Please do your research and get back to me with your results. I will tabulate the answers and write my 1st SA article. Will which be titled " Product Claims That Did and Didn't"

    I am also hoping to do a blockbuster article on "Weather Forecasts That Did and Didn't"

    Kinda like a "How to for Dummies" book series. I think it will pretty good.
    Feb 28 01:18 PM | 2 Likes Like |Link to Comment
  • Yongye International Response to Blogger's Red Flags Falls Somewhat Short [View article]
    ECD FAN I try not to enage with serial posters, but it's a slow Fri. so I'll play.

    They did buy a list and disclosed it properly. But what is that list comprised of? Customers that have been obtained by their largest revenue producing distributor.

    Now the "list business" is huge in every industry. Usually companies are buying lists of potential customers based on some sort of demographic or industry.

    So are you telling me:

    A. They bought this list of customers and they still sell product via this unknown Hebei provincial distributor? They bought a list, but nothing has changed in this distribution channel?

    B. They bought this list and now sell directly to this customer/distributor list.

    If it's A, then yeah they're pretty stupid and/or frauds. But you seem to know this stock very well. Maybe you missed this from the recent 10Q.

    In addition, after the acquisition of the Hebei customer list, the Company is selling its products at a higher price directly to lower level distributors in Hebei, which is Yongye's largest regional market in China, representing 29% of sales in the fourth quarter of 2010.

    Please revert to your posting on 10% customer names and 5% owners. These at least seem like educated beefs with the company. But I think the list thing, at face value, just seems like common FUD. Just trying to help you clean up your game.
    Mar 25 12:43 PM | 1 Like Like |Link to Comment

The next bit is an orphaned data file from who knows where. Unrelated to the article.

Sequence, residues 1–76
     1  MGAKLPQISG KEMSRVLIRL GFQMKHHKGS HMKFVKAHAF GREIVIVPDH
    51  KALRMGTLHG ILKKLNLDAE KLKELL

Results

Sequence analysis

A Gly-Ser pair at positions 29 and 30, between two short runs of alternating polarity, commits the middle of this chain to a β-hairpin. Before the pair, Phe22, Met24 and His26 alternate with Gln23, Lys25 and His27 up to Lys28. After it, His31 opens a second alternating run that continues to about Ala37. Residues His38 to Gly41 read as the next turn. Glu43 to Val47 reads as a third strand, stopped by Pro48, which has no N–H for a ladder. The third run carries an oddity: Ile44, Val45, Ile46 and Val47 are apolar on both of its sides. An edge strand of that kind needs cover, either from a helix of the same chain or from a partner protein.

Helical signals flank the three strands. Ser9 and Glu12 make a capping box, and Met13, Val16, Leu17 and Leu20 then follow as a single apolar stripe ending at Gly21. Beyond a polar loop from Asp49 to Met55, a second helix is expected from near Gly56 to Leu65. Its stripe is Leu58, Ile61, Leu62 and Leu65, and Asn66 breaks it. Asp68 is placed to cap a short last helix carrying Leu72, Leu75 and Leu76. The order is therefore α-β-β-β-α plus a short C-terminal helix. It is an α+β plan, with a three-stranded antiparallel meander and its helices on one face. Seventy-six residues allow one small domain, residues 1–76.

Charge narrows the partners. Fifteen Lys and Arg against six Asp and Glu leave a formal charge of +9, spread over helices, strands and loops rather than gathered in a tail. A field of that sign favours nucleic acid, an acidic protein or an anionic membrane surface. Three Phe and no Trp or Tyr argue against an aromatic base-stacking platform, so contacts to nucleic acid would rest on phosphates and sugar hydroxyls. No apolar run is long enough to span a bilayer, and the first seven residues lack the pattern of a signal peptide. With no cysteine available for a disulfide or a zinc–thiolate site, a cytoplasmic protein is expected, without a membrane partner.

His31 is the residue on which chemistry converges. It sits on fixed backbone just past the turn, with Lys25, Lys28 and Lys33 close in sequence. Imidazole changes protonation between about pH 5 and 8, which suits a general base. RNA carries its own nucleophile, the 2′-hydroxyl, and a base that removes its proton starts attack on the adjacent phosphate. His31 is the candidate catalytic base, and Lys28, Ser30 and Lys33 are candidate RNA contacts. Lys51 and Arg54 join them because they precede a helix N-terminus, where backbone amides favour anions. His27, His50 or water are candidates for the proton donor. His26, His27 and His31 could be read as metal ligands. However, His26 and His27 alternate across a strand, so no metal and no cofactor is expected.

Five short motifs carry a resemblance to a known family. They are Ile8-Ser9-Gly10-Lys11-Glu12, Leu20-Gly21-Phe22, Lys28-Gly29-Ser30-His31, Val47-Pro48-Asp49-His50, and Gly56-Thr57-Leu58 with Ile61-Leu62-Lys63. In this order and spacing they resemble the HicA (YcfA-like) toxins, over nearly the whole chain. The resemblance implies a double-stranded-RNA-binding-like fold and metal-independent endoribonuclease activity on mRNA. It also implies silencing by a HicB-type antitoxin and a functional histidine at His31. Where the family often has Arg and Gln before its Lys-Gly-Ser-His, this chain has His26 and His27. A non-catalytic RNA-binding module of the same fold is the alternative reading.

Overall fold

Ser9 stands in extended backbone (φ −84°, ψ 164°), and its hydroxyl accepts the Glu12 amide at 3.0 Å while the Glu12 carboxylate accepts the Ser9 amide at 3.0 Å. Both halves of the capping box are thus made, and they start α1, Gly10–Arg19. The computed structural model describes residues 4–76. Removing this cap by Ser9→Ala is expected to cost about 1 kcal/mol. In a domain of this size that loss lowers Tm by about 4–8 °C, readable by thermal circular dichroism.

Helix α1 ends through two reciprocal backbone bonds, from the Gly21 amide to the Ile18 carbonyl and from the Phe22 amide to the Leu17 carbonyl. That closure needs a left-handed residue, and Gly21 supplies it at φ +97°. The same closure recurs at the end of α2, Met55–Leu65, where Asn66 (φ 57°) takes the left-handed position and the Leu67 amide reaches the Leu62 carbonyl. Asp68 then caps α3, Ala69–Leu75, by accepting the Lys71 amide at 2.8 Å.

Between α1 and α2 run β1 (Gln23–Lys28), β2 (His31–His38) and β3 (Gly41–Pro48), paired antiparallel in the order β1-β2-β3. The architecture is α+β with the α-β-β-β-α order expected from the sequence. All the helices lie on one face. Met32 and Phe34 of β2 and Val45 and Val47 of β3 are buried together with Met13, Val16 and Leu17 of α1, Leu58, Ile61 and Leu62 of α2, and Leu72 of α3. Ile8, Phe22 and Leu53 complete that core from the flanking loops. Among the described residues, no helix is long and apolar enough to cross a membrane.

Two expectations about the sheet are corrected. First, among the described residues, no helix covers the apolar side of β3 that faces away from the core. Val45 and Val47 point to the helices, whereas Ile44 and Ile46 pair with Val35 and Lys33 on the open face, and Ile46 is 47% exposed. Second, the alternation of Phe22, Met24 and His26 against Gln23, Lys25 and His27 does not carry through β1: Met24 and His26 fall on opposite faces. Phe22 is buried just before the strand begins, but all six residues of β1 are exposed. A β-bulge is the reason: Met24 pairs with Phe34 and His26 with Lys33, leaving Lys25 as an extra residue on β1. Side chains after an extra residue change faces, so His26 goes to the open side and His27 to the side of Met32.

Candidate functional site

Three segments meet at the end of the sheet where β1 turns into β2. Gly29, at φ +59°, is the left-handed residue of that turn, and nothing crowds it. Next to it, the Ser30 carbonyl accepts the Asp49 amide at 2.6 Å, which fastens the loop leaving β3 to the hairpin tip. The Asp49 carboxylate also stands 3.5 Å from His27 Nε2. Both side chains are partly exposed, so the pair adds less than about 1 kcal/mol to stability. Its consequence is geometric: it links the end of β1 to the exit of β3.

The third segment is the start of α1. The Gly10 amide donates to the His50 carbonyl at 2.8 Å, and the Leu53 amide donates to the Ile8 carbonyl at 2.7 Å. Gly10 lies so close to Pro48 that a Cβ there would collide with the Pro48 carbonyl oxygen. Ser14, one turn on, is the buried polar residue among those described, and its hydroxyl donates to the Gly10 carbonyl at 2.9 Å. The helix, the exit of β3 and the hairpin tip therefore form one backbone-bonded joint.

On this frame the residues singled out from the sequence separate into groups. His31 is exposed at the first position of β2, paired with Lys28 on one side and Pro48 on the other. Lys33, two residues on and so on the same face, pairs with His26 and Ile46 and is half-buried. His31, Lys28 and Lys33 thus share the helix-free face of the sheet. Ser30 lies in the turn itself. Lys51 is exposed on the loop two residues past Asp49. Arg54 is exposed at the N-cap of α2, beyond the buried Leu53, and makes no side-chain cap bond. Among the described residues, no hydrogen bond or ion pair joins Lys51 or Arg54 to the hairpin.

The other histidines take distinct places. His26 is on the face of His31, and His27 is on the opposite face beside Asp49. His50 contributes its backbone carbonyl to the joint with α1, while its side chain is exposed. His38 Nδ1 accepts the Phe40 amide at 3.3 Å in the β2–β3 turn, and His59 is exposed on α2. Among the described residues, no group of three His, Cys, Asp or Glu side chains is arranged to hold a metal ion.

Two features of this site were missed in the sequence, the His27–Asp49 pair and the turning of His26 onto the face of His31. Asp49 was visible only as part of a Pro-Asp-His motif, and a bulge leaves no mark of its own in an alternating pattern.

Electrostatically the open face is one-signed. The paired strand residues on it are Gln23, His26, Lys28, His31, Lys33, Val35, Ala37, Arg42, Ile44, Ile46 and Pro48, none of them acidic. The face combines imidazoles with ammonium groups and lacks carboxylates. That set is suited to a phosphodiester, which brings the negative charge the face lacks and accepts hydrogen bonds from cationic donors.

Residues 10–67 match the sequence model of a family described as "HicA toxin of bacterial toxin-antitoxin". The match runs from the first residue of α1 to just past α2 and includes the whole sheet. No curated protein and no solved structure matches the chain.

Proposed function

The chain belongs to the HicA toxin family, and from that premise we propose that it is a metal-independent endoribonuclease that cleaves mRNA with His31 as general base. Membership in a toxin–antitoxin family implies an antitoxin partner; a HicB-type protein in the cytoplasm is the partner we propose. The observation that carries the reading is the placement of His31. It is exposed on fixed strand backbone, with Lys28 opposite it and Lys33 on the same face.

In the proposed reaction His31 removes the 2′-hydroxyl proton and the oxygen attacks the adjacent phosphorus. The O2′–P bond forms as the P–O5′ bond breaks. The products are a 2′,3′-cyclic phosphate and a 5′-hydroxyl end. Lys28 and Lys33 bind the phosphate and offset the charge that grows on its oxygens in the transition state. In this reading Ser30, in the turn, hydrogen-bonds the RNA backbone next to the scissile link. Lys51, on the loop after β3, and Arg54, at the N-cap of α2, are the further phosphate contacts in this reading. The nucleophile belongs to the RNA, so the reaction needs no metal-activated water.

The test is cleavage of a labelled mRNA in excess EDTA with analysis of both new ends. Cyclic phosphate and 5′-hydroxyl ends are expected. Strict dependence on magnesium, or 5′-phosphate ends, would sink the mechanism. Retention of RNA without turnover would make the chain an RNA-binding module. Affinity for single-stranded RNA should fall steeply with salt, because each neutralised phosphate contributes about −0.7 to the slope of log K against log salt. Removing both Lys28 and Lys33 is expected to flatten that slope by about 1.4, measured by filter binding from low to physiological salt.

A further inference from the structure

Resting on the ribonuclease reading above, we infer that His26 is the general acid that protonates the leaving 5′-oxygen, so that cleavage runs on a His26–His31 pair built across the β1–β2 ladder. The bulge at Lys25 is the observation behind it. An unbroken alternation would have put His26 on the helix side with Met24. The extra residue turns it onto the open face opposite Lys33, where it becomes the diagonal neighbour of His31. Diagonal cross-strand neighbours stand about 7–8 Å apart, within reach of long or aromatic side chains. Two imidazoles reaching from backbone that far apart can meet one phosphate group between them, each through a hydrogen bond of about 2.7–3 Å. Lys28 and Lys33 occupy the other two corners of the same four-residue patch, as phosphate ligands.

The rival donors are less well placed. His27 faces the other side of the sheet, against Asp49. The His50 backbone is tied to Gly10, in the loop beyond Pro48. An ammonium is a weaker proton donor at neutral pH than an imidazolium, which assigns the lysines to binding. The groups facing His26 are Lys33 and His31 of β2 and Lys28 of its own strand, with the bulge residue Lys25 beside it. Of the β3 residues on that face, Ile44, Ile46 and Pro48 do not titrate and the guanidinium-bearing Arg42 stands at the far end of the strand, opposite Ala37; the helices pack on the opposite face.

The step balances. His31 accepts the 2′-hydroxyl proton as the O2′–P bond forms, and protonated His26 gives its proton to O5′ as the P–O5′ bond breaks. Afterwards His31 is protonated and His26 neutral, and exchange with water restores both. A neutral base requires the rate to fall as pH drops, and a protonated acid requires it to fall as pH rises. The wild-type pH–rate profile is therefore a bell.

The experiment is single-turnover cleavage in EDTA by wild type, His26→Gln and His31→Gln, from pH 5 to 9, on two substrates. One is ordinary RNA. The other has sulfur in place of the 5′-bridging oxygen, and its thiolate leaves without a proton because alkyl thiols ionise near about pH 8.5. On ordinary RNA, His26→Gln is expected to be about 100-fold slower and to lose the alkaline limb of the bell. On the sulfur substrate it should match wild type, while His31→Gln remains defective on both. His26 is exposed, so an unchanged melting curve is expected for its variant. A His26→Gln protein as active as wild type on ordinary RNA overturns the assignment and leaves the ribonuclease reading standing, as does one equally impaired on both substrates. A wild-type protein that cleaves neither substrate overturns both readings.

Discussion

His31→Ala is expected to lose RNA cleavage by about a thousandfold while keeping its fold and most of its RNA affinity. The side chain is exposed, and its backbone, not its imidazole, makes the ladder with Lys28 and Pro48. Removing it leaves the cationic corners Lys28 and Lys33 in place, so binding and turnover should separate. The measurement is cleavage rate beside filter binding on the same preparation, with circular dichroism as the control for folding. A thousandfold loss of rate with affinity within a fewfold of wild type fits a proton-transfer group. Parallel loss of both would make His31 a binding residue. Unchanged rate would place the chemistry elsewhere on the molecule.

• Yongye International Response to Blogger's Red Flags Falls Somewhat Short [View article]
    No position in Yong, but repeated statements that Yong paid 25M for a list seems to be an exaggeration. Firstly, it was as stock and cash deal. But my real question of such statement is that they not only acquired the list but the sales relationship with the downstream customer. If distributor is selling to these customers then they are making a profit. When they sell this list and customer base, Yong essentially cuts out the middleman and should be able to garner higher margins via direct sales to these customers. IMHO they are acquiring more than a customer list but instead the distributors profitable business.

    However, I do believe disclosure of this distributor (however and based on whatever) would be beneficial to determine if there are related party concerns.

    Lastly, I have seen other comments about this business being structured like an Amway or similar MLM. Do new lower level sales people have to buy inventory and/or do they also try to recruit other new sales people? Does anyway have any ideas/evidence on this and if so what is the opinion of there sales structure?
    Mar 25 11:28 AM | 1 Like Like |Link to Comment
  • Yongye: Another Chinese Investment Opportunity Beaten Down by Shorts [View article]
    OK I did the research just to get up to speed. If I interpret this:
    2010 2009
    Customer A 29,004,998 30% Customer A 20,541,267 43%
    Customer B 18,534,320 19% Customer D 6,886,624 14%
    Customer C 16,745,156 17% Customer F 6,291,070 13%
    Customer D 9,950,840 10% Customer B 5,663,011 12%
    Customer E 6,038,692 6% Customer G 4,727,842 10%
    Total 80,274,006 82% Total 44,109,814 92%

    2010 sales added 3 major distributors: B,C, & E

    Highly concentrated customer base,

    Read a little on Reg S-K Item 101
    "The dependence of the segment upon a single customer, or a few customers, the loss of any one or more of which would have a material adverse effect on the segment. The name of any customer and its relationship, if any, with the registrant or its subsidiaries shall be disclosed if sales to the customer by one or more segments are made in an aggregate amount equal to 10 percent or more of the registrant's consolidated revenues and the loss of such customer would have a material adverse effect on the registrant and its subsidiaries taken as a whole."

    I must admit you have a point here. In 10K they obviously document the concentration of sales, but do not clearly ID customers nor relationship (if any).